There is not a definition provided by the Community Courts of what we mean by saying abuse of a dominant position. Although, according to the case of Hoffmann-la Roche v Commission [4] : “the concept of abuse is an objective concept relating to the behavior of an undertaking in dominant position which is such as to influence the structure of a market where, as a result of the very presence of the undertaking in question, the degree of competition is weakened and which, through recourse to methods different from those governing normal competition in products or services on the basis of the transactions of commercial operators, has the effect of hindering the maintenance of the degree of competition still existing in the market or growth of that competition". [5] The term of abuse has been categorized in two types, the exploitative abuses and exclusionary abuses. By exploitative abuses we mean that the dominant undertaking is making anti-competitive attempts in order to exploit the consumers, such as excessive pricing or limiting output. On the other hand, exclusionary abuse excludes the competitors from the market with the aim to reach a greater market power in order to exploit then the consumers.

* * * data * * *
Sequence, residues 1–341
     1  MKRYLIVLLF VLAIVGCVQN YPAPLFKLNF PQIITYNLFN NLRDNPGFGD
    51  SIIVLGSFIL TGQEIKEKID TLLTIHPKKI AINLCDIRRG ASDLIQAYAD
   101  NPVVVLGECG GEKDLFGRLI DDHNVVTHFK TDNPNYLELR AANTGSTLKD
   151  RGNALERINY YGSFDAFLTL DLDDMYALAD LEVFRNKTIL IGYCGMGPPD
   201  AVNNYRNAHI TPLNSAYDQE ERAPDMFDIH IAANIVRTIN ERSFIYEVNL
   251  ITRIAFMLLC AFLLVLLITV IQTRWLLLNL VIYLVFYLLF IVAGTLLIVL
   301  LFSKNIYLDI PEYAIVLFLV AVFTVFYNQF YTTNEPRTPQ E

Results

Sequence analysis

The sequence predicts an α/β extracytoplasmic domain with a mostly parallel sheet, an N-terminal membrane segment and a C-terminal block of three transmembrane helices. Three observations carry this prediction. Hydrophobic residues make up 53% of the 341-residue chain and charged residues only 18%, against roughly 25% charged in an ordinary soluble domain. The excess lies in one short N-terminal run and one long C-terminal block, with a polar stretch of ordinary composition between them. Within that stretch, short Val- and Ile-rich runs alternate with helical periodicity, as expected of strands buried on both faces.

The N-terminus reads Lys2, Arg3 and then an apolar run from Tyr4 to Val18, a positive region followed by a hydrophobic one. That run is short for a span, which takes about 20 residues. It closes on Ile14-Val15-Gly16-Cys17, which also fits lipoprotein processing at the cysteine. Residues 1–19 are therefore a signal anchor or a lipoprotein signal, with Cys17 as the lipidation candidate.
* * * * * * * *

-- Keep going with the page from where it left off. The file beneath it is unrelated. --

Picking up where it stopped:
Arguments against direct control

There are convincing arguments against direct control of prices under competition law. By direct control the competition authorities will have the power to control and adjust the prices under the conditions of Article 82 EC. The main argument is the fact that firms by having the opportunity to control the prices, in certain limits, are encouraged to take steps to improve their products in order to succeed in the market. For example, in the case where a monopolist is able to receive large earnings the removal of monopoly profits will be self-defeating and can act as an important economic indicator to possible entrants to enter the market. A monopolist should be entitled to earn large profits in order to make expensive and risky researches and developments. Furthermore, it is difficult for the competition authorities to identify and control all exploitative pricing

Given these problems, it is not surprising that competition authorities tend to prefer to deploy their resources by proceeding against abuses that exclude competitors from the market rather than establishing themselves as price-regulators [6] .

Excessive Pricing